Hiking clubs, hiking groups, and other outdoor organizations are
widespread in New York, New Jersey, Connecticut and other northeastern
states (and the rest of the country). Since opportunities for hiking
near NYC are so extensive, the New York City metropolitan area alone
is home to dozens of hiking clubs. Some are small and don’t have
websites or advertise, and quite a few cater to or are associated with
particular groups (some clubs in NYC, upstate NY, NJ & CT are
affiliated with colleges, religious institutions, or ethnic
organizations). But the majority of hiking clubs welcome anyone who
wants to join and participate.
Most hiking clubs are run by volunteers, and their hikes are guided by volunteers. Some clubs and hiking groups are extremely casual and loosely-run, while others are well-organized and offer an extensive hike schedule. Wild Earth Adventures is different in a number of ways from other hiking clubs, outdoor organizations, and outdoor businesses (you can read much more about us on this website) -- including the fact that all of our huge repertory of hikes and wilderness trips are led by a single person, well-known hiking and wilderness author/expert/guide Charlie Cook.
However you found your way to our website, chances are you’re someone
who loves hiking or who would like to become a hiker, and you’re
probably looking for others to share it with. In our busy world it
isn’t always easy to find friends or companions to hike with. If you
become a member of Wild Earth Adventures you’ll be joining what people
frequently tell us is one of the best and most interesting hiking
clubs in this part of the country, with an endless array of hikes to
choose from on weekends year-round, and hundreds of fellow-members to
meet and share memorable times with -- hiking near NYC and throughout
the most scenic natural areas of New York, New Jersey, Connecticut,
and other northeastern states.
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Hiking trips can last as little as a few hours, or as
long as you want or can imagine -- days, weeks, or
(for the most adventurous among us) even months.
Limits are likely to be imposed by your level of
fitness, ambition, resources, and how much free time
you have available.
For some people, a hiking trip or hiking tour is an
outing with a maximum timespan of a day -- to be
followed by a relaxing evening at home. Millions of
hikers limit themselves to day hikes: one-day hiking
trips or hiking tours. And there’s no reason why "a
day in the wild" can’t define the extent of your
It’s also very possible, while sticking to day hikes,
to go hiking regularly and often. Some avid hikers hit
the trails as frequently as once or twice (or more)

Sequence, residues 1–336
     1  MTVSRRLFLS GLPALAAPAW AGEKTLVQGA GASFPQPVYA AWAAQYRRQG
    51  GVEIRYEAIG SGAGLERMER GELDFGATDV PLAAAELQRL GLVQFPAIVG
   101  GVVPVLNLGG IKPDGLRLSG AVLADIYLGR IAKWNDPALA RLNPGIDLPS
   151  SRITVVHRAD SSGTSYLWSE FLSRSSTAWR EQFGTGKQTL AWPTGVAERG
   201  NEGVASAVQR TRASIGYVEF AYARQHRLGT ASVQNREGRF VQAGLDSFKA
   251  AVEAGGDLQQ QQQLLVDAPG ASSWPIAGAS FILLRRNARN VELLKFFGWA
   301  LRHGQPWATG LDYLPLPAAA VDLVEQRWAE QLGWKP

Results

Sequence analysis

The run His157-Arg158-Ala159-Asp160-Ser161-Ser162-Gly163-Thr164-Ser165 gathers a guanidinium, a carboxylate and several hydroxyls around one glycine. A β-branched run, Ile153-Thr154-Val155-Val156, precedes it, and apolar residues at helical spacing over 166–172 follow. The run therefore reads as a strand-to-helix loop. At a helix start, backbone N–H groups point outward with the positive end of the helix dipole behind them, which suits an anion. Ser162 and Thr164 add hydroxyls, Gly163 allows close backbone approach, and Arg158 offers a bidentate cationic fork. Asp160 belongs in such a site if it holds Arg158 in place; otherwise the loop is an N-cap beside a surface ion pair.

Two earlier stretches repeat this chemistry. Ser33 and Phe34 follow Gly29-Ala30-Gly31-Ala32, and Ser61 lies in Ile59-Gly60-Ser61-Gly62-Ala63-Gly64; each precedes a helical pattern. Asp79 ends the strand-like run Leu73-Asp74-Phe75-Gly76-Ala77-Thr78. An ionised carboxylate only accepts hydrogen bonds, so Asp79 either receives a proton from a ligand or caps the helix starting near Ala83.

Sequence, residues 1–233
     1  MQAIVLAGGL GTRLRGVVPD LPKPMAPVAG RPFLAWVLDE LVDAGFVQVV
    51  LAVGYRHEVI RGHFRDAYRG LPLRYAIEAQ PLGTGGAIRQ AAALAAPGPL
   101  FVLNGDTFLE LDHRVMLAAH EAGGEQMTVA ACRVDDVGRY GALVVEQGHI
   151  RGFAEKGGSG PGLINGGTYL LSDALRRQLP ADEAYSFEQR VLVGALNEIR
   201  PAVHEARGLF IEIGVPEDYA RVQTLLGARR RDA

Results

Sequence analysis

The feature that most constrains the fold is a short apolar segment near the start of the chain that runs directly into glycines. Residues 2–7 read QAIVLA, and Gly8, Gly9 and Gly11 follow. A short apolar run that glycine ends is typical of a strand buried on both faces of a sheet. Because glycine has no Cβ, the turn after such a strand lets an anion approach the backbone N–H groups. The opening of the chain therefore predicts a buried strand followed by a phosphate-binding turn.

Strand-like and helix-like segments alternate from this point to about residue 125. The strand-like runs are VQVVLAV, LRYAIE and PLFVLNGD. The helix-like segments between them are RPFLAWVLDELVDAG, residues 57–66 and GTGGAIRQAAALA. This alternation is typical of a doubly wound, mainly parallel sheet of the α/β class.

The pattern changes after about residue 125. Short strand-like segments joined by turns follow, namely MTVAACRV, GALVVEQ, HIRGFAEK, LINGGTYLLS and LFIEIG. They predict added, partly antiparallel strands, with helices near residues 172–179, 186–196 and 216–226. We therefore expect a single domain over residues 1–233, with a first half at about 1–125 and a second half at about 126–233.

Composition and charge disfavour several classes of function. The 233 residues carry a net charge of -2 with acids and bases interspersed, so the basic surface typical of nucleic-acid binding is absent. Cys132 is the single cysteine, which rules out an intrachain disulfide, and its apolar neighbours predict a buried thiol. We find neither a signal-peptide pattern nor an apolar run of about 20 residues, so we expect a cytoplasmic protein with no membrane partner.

For others, longer hiking trips or extended hiking
tours beckon. More than a few enthusiasts find that at
some point, a single day no longer suffices. The idea
of multiple days of hiking, camping, and wilderness
exploration becomes irresistible.
Overnight hiking trips that involve carrying
everything in a full-size backpack so you’re
completely self-sufficient -- and camping out at
night, and typically hiking to other campsites along a
trail -- are usually called backpacking trips.
Overnight hiking trips that involve setting up a base
camp in a wilderness area -- from which you can take
day hikes -- are often called wilderness camping
And multi-day trips where hiking is your primary
activity during the day, but you’re not camping out --
but rather staying in cabins, at lodges, country inns,
bed and breakfasts, or other accommodations -- are commonly referred to as hiking vacations.
In a sense, though, ALL hiking trips are hiking
vacations -- since even a day hike is, in effect, a
mini-vacation from the fray of everyday life. And like
any vacation, a successful hiking trip is likely to
leave you feeling refreshed, restored, and renewed.
In the early years of Wild Earth Adventures (the
1980s) we regularly offered hiking vacations utilizing
indoor accommodations, but since that time we’ve
chosen to specialize in wilderness camping and
backpacking trips for our overnight offerings.
You’ll find our complete schedule of wilderness
camping and backpacking trips and day hikes here.
We’ll soon be adding a wilderness camping and
backpacking page with extensive details about what
such trips involve, including necessary gear.
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Would You Like To Be On Our E-mail List?
We send out weekly e-mail Updates that feature hiking news and commentary, photos from recent trips, announcements about any schedule changes, and short selections of nature writing and poetry. Many of our members and others tell us they like or love receiving them. To get on our list, e-mail us at WildEarthAdventures@gmail.com (and be assured that we will never sell, rent, or give your e-mail address to anyone).
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Visit Our Facebook Page
If you're on Facebook,
visit our Wild Earth Adventures Facebook page here, where you'll find photos
from recent hikes, comments, and recommendations from members and others. If you
like what we do, please consider clicking "Like" at the top. For several years
we had a Facebook group page with around 1400 members, but Facebook discontinued
many of the best features of group pages and started discouraging their use for
large groups, so we recently took down that page and replaced it with a new
"regular" Facebook page.